"I decided to do that and I absolutely loved it," O'Brien said. "I walked around the school watering plants with them (the life skills students) and doing recycling with them and everything, and teachers started to notice that I was doing a great job with them, and one of the teachers gave me a Keys to Success card, and that's how it started."
The key-shaped card is given to students who go out of their way to help others.
Danvers High Assistant Principal Mark Strout registered O'Brien online, allowing her to get prizes, such as gift cards from Dunkin' Donuts and Panera. She was also entered into the grand-prize drawing, and became one of 25 students from Danvers High and 25 students from Peabody High eligible to get a real key.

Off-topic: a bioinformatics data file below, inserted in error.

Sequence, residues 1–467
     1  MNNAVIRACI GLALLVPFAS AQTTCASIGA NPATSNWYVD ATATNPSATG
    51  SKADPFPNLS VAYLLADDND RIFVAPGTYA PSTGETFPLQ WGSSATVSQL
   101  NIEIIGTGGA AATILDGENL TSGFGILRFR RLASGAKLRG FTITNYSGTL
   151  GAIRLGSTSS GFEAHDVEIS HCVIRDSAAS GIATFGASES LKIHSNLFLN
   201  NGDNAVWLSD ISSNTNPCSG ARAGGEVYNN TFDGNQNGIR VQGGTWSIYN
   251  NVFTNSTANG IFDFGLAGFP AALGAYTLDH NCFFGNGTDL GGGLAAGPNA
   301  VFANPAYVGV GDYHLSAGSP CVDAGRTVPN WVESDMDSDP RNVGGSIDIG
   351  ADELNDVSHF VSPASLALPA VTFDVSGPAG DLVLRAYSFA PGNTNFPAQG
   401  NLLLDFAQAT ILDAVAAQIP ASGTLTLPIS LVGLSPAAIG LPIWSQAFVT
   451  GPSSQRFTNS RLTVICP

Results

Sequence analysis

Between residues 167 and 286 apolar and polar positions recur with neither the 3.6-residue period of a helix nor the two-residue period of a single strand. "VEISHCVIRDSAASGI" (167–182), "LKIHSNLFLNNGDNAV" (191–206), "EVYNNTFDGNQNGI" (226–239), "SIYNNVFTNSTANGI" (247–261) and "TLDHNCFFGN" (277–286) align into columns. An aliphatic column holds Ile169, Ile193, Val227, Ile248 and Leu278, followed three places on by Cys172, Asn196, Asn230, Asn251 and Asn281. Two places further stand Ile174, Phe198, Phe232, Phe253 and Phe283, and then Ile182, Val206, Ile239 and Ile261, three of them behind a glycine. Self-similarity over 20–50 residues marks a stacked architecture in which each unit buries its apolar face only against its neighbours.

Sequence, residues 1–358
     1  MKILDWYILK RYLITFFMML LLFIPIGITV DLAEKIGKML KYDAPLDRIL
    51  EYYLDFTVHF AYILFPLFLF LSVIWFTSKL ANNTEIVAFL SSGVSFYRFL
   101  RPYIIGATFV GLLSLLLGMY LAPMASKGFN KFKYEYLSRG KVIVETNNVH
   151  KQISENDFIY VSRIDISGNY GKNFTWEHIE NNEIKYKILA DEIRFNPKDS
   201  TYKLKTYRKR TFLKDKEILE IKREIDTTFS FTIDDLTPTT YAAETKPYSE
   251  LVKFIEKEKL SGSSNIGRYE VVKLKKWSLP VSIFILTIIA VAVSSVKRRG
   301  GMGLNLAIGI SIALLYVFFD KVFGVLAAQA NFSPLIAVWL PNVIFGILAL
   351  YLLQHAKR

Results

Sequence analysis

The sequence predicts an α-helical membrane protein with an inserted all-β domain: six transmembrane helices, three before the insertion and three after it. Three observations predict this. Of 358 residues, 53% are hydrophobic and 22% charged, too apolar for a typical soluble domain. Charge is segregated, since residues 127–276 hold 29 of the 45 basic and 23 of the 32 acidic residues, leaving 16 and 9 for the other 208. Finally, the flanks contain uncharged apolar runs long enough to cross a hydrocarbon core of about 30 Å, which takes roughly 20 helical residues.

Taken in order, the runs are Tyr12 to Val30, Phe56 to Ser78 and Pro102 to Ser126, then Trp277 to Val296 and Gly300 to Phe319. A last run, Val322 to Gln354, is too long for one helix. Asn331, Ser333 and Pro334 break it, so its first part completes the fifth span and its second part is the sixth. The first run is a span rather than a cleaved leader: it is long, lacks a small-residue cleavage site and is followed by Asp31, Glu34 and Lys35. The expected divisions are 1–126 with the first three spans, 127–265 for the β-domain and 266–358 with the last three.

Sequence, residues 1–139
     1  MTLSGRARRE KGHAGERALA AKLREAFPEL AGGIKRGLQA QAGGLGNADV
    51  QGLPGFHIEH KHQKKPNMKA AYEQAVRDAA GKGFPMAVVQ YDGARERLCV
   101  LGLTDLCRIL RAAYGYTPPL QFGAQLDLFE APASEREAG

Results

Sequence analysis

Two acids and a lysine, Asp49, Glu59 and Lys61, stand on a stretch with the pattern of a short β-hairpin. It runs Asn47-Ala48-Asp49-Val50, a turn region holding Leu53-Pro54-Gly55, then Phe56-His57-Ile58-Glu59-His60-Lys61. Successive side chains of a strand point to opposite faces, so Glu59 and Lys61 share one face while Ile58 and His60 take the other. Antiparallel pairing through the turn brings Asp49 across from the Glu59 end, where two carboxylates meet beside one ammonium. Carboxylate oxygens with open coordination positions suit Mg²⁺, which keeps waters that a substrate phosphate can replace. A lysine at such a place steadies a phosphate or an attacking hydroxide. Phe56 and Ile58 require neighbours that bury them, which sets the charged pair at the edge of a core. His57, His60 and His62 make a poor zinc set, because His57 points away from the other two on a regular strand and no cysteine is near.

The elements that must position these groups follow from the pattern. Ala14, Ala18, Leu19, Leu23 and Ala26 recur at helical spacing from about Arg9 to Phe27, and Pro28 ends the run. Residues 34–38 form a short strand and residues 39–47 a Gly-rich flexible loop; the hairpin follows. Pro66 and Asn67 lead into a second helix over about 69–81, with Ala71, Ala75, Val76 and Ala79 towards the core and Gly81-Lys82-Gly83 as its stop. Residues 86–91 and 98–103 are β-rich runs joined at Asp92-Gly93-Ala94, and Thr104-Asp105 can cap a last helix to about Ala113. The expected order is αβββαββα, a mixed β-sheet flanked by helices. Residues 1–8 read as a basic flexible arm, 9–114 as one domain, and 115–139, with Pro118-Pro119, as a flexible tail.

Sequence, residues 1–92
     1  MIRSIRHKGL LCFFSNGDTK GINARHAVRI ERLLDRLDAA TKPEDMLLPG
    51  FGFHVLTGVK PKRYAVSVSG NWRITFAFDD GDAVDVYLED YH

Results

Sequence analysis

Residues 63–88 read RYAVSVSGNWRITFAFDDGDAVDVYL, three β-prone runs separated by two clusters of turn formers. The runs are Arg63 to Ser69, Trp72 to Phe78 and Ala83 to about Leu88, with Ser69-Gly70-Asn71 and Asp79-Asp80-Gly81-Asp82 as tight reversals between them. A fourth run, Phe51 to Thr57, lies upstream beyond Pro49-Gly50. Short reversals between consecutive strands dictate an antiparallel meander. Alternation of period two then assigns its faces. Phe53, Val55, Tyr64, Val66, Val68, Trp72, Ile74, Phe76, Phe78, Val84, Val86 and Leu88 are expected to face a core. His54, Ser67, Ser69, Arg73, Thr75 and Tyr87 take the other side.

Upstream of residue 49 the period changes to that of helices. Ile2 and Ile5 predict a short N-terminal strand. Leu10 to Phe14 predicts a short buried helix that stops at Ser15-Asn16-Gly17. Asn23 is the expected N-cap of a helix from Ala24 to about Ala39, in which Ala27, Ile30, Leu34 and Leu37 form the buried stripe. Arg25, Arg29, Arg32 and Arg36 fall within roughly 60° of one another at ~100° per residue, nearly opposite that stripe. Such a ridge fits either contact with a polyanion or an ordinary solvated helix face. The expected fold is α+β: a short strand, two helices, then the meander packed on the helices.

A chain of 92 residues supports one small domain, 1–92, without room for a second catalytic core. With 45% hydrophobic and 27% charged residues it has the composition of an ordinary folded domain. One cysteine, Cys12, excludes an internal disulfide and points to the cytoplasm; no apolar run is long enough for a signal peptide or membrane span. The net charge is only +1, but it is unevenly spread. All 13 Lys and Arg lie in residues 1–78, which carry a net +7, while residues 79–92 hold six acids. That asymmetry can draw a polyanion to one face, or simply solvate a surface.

This is the fourth year of Keys to Success, said its coordinator, Michelle Roselli.
The program has two components, she said.
One part consists of small prizes given out all year long, to keep students focused, and the other is the drawing for the car, which has students randomly chosen from all who get rewards.
"We don't know who's going to win," Roselli said. "Whoever starts the car wins."
O'Brien likes to drive and has had her license for five months, but she has had to share a car with her father, who will not let the student-athlete put a "Run" bumper sticker on his car.
"She's actually a really good driver," her dad said.
Kelsey needs the car because she is involved in sports and extracurricular activities, such as high school soccer and track and club soccer.
"My car was kind of her car," Bob O'Brien said.
As of late last week, the dealership was still doing paperwork on the car, but once it arrives, Kelsey plans to contribute to its upkeep.
"I actually have a job during the summer," said Kelsey, who plans to work as a camp counselor at Camp Christopher at St. John's Prep.
Staff writer Ethan Forman can be reached at 978-338-2673, by email at email@example.com or on Twitter @DanverSalemNews.